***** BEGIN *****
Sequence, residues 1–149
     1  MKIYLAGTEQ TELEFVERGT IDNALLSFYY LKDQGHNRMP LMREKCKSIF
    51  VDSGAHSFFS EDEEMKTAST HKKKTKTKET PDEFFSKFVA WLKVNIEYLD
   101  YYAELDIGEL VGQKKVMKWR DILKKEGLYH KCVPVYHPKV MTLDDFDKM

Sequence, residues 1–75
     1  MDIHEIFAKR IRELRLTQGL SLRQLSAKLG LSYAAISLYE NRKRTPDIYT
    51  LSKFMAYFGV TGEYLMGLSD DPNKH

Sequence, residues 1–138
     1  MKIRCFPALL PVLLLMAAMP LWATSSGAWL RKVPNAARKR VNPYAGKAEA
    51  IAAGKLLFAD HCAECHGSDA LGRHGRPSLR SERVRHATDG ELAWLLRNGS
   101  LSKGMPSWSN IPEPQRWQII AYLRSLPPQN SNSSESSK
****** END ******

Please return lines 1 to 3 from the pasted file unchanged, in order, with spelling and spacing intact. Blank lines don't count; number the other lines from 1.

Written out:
Sequence, residues 1–149
     1  MKIYLAGTEQ TELEFVERGT IDNALLSFYY LKDQGHNRMP LMREKCKSIF
    51  VDSGAHSFFS EDEEMKTAST HKKKTKTKET PDEFFSKFVA WLKVNIEYLD